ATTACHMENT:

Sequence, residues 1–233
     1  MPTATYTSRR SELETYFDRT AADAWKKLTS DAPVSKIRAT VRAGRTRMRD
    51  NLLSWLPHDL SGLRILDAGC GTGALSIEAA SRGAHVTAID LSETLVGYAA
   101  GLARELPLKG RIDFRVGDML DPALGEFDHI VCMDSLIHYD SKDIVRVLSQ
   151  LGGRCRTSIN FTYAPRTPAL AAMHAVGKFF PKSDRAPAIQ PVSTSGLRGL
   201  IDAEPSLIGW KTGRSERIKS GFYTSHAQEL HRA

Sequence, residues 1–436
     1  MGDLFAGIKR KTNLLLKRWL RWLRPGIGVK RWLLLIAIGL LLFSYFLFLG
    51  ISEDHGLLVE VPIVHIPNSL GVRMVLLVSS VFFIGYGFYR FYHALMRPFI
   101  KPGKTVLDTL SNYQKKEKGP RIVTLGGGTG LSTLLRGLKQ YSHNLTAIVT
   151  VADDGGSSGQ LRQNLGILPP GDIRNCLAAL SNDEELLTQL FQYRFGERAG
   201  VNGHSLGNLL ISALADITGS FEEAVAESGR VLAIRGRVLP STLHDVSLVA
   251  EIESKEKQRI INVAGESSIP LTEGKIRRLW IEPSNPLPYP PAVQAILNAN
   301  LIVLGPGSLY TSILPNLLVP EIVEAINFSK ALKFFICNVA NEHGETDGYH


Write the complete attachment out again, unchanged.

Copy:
Sequence, residues 1–233
     1  MPTATYTSRR SELETYFDRT AADAWKKLTS DAPVSKIRAT VRAGRTRMRD
    51  NLLSWLPHDL SGLRILDAGC GTGALSIEAA SRGAHVTAID LSETLVGYAA
   101  GLARELPLKG RIDFRVGDML DPALGEFDHI VCMDSLIHYD SKDIVRVLSQ
   151  LGGRCRTSIN FTYAPRTPAL AAMHAVGKFF PKSDRAPAIQ PVSTSGLRGL
   201  IDAEPSLIGW KTGRSERIKS GFYTSHAQEL HRA

Sequence, residues 1–436
     1  MGDLFAGIKR KTNLLLKRWL RWLRPGIGVK RWLLLIAIGL LLFSYFLFLG
    51  ISEDHGLLVE VPIVHIPNSL GVRMVLLVSS VFFIGYGFYR FYHALMRPFI
   101  KPGKTVLDTL SNYQKKEKGP RIVTLGGGTG LSTLLRGLKQ YSHNLTAIVT
   151  VADDGGSSGQ LRQNLGILPP GDIRNCLAAL SNDEELLTQL FQYRFGERAG
   201  VNGHSLGNLL ISALADITGS FEEAVAESGR VLAIRGRVLP STLHDVSLVA
   251  EIESKEKQRI INVAGESSIP LTEGKIRRLW IEPSNPLPYP PAVQAILNAN
   301  LIVLGPGSLY TSILPNLLVP EIVEAINFSK ALKFFICNVA NEHGETDGYH